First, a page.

Although both study and practice were essential, I found that the experiential dimension of Shabbat and the holy days left a far greater imprint than learning about them as “concepts.” Even if students began to take on practices for social reasons, they began to slowly develop an appreciation of the deep spiritual foundation of Judaism.

After some years at MIT Hillel and a year at Princeton Hillel, then completing my studies in the doctoral program at Columbia University School of Social Work, my family moved to Los Angeles so that I could accept a teaching position at USC School of Social Work. In 2000, I received a PhD from Pacifica Graduate Institute in Depth Psychology/Mythology.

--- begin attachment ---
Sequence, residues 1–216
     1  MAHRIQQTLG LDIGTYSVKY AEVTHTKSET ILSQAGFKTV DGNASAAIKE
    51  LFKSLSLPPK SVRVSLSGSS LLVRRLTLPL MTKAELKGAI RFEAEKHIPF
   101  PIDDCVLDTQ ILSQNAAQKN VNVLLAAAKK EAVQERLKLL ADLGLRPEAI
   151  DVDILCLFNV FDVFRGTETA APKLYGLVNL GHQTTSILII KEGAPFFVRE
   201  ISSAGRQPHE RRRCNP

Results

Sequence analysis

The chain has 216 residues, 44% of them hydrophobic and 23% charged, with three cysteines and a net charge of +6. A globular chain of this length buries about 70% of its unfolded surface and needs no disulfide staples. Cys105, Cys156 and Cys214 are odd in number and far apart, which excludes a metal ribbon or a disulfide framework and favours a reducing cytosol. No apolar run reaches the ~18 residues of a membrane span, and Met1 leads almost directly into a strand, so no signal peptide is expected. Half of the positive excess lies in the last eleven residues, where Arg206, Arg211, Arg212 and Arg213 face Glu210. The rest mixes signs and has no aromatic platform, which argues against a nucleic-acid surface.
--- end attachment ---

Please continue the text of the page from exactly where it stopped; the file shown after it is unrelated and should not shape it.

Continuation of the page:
At that time a new Rabbinical/Chaplaincy/Cantorial school called the Academy for Jewish Religion, California was being established in Los Angeles. I was asked to join the endeavor, and take on a leadership role. The pioneering concept of this seminary was not to identify with one specific denomination, but to form a faculty with clergy and academicians from Orthodox and non-Orthodox backgrounds. The school would teach Judaic courses found in the denominational seminaries, and add some courses in Hassidut, Mussar, and Pastoral Counseling, with the goal of promoting psycho/spiritual growth in the students. AJRCA’s founders felt that allegiance to the denominations had become more important than the welfare of the Jewish people as a whole; it was becoming widely known that the majority of the Jewish community was not affiliated with any of the denominations. There was a strong desire on the part of mature rabbinical students at existing seminaries for greater cultivation of spirituality to be partnered with an academic curriculum. The charge in establishing AJRCA was to integrate a group of disparate students, honor their individuality, and unite them in a common vision of Jewish peoplehood, love of Torah, and the depth and breadth of great rabbinic teachers throughout the generations. The challenges: Could the halakhic needs of the Orthodox students be satisfied in a mixed group of individuals from different backgrounds with different levels of education and practices? Would the non-Orthodox students feel comfortable with more traditional students? We felt it would be possible for the classes to succeed, but the major challenge was for the form of the prayer services. We settled on a formula, that there would be different styles of services, and that Orthodox students would pray privately or with a traditional minyan, if they so chose, and the non-Orthodox students would pray in mixed services, and everyone would respect the needs and integrity of those who had different practices. Quite miraculously, through this idealistic vision, a faculty of Orthodox and non-Orthodox teachers emerged who respected each other, got along with each other, and were moved in their souls to educate and train a group of idealistic students to the knowledge that touched their souls. The school attracted more students than we could have imagined, and within just 10 years (a remarkably swift achievement) was granted accreditation by the Western Association of Schools and Colleges (WASC), which attested to the quality education that the students received. As the Mishna states: “Every assembly that is dedicated to the sake of heaven will have an enduring effect”(Avot 4:11).